Video frame 2

Explaining object-level fusion in the video abstract.

In the past, fusing multispectral and radar satellite data could quickly exhaust limited computational resources, and was technically challenging. For instance, it used to be difficult getting imagery from different satellites precisely aligned, but this is absolutely necessary to be able to detect land cover and changes therein. However, computing power continues to grow, and many of the technical issues surrounding fusion of multispectral and radar data have been alleviated with the advent of ESA’s Sentinel 1 and 2 missions (, which provide open access to multispectral and radar imagery, already co-registered, for the entire globe.

Satellite data are abundant and accessible as never before, and existing fusion tools are a great opportunity to make the most of synergies between them. Deriving richer and more accurate observations of biodiversity from space might even contribute to operational large-scale biodiversity monitoring. In this way, satellite data fusion could be one piece of the puzzle helping us understand living Earth, and the challenges it faces, better than before.

See below for a video abstract of the review:




Henrike Schulte to Bühne


See below for another paper from Henrike Schulte to Bühne and Nathalie Pettorelli, published in 2017 in Remote Sensing in Ecology and Conservation:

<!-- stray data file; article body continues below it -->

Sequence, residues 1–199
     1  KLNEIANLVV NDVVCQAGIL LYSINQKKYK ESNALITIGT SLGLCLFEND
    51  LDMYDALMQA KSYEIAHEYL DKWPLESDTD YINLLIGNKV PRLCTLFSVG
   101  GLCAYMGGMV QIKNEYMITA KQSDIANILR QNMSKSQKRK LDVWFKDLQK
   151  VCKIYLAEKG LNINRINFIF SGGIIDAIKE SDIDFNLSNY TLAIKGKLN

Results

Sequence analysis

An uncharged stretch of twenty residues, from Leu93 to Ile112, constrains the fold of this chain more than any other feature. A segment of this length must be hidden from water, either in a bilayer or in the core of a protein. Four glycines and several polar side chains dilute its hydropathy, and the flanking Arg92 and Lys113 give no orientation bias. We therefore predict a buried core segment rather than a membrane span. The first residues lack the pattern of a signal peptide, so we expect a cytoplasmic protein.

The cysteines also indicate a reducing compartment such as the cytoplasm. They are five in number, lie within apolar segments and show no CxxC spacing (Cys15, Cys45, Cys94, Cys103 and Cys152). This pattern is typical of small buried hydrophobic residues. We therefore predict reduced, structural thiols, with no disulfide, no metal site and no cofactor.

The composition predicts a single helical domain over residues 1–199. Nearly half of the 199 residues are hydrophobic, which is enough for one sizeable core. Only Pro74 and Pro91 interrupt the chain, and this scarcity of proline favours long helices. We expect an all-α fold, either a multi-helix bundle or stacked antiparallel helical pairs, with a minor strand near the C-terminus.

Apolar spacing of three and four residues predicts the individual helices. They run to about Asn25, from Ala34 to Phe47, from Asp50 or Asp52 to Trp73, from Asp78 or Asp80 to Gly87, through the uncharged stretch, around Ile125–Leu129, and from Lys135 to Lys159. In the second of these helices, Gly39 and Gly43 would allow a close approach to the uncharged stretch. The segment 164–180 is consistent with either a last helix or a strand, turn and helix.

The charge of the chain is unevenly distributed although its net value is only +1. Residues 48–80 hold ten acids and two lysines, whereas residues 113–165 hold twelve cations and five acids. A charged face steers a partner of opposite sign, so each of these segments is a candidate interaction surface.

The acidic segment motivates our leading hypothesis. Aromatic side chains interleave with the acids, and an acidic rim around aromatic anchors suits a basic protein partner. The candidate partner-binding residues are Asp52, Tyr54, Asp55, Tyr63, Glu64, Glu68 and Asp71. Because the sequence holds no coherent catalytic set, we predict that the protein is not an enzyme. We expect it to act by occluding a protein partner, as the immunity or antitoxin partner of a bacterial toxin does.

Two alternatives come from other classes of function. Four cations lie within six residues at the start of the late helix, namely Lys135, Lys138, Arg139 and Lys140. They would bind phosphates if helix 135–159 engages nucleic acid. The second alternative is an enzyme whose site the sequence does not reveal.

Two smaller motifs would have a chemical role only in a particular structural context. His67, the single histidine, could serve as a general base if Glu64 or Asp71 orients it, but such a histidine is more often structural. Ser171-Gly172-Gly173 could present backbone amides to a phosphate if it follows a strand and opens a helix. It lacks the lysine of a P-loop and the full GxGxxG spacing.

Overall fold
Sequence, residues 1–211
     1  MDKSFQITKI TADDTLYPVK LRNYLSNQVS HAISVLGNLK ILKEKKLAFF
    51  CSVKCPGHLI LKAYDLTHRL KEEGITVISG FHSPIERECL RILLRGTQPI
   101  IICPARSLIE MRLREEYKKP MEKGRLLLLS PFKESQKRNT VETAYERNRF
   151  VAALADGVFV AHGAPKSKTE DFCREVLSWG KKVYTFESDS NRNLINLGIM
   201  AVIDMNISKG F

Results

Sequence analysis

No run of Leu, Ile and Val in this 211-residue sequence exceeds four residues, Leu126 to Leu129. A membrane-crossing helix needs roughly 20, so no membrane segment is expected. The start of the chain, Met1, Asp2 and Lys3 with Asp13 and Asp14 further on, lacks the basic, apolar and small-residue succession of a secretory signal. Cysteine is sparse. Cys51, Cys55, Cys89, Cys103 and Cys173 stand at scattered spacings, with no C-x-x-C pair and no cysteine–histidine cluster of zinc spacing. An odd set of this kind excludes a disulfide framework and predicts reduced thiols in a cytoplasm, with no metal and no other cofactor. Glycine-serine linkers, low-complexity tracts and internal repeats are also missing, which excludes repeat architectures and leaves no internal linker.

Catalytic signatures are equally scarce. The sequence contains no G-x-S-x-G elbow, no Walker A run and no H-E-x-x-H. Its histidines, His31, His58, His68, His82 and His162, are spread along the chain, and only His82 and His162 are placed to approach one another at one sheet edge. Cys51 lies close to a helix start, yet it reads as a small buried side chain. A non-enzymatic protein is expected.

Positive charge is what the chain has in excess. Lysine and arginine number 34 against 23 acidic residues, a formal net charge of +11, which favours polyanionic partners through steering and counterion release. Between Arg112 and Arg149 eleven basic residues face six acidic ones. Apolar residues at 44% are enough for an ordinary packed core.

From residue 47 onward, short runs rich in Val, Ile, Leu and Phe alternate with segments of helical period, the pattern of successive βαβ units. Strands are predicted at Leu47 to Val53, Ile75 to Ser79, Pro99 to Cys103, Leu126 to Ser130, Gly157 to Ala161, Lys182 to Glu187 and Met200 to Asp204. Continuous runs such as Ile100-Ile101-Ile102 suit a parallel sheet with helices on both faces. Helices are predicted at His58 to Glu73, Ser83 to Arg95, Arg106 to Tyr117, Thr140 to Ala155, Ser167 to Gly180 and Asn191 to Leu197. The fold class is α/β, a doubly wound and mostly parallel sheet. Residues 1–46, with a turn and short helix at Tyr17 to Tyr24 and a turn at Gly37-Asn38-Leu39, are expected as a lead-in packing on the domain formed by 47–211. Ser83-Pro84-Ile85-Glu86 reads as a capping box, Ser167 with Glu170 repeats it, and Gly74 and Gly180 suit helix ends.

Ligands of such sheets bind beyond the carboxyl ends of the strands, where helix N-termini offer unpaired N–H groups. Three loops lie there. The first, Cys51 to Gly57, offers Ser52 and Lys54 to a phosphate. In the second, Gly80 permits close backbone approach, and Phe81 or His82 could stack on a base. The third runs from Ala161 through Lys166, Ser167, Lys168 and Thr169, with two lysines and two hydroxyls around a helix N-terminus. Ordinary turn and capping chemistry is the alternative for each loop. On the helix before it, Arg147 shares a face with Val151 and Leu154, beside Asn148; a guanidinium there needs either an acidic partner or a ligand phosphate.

Protection status and national socio-economic context shape land conversion in and around a key transboundary protected area complex in West Africa



Bergen, K. M., Gilboy, A. M., & Brown, D. G. (2007). Multi-dimensional vegetation structure in modeling avian habitat. Ecological Informatics, 2, 9–22.

Fu, B., Wang, Y., Campbell, A., Li, Y., Zhang, B., Yin, S., … Jin, X. (2017). Comparison of object-based and pixel-based Random Forest algorithm for wetland vegetation mapping using high spatial resolution GF-1 and SAR data. Ecological Indicators, 73, 105–117.

Lu, D., Li, G., Moran, E., Dutra, L., & Batistella, M. (2011). A comparison of multisensor integration methods for land cover classification in the Brazilian Amazon. GIScience & Remote Sensing, 48, 345–370.

Lu, D., Li, G., Moran, E., & Kuang, W. (2014). A comparative analysis of approaches for successional vegetation classification in the Brazilian Amazon. GIScience & Remote Sensing, 51, 695–709.

Reiche, J., Verbesselt, J., Hoekman, D., & Herold, M. (2015). Fusing Landsat and SAR time series to detect deforestation in the tropics. Remote Sensing of Environment, 156, 276–293.

Wolter, P. T., & Townsend, P. A. (2011). Multi-sensor data fusion for estimating forest species composition and abundance in northern Minnesota. Remote Sensing of Environment, 115, 671–691.

Leave a Reply

Fill in your details below or click an icon to log in: Logo

You are commenting using your account. Log Out /  Change )

Google+ photo

You are commenting using your Google+ account. Log Out /  Change )

Twitter picture

You are commenting using your Twitter account. Log Out /  Change )

Facebook photo

You are commenting using your Facebook account. Log Out /  Change )

Connecting to %s